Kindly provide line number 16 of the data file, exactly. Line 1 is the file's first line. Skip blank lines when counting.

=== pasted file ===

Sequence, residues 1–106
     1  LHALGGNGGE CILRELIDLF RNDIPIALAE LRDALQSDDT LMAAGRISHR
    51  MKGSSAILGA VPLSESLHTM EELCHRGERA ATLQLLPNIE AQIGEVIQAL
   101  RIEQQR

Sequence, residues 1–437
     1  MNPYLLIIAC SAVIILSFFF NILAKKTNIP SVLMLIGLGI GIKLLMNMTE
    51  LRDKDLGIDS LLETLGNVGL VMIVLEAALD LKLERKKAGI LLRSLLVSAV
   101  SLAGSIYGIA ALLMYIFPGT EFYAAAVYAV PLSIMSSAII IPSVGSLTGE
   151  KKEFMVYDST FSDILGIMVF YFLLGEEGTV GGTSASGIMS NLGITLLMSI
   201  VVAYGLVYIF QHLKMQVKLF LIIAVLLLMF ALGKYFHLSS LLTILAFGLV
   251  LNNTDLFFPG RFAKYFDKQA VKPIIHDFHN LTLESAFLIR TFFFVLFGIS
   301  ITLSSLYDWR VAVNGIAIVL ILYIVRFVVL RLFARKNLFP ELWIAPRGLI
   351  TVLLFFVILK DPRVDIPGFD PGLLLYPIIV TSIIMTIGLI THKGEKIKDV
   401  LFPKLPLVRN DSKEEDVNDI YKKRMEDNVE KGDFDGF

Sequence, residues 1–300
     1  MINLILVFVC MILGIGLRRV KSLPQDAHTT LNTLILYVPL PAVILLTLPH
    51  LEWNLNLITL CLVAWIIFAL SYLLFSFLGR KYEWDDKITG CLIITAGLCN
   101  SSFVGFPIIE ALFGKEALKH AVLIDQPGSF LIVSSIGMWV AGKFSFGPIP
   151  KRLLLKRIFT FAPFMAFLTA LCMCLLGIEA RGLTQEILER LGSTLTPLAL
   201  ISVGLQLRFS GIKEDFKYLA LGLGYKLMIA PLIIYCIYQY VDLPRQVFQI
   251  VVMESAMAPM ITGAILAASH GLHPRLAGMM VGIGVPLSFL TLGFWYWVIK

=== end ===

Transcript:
     1  MINLILVFVC MILGIGLRRV KSLPQDAHTT LNTLILYVPL PAVILLTLPH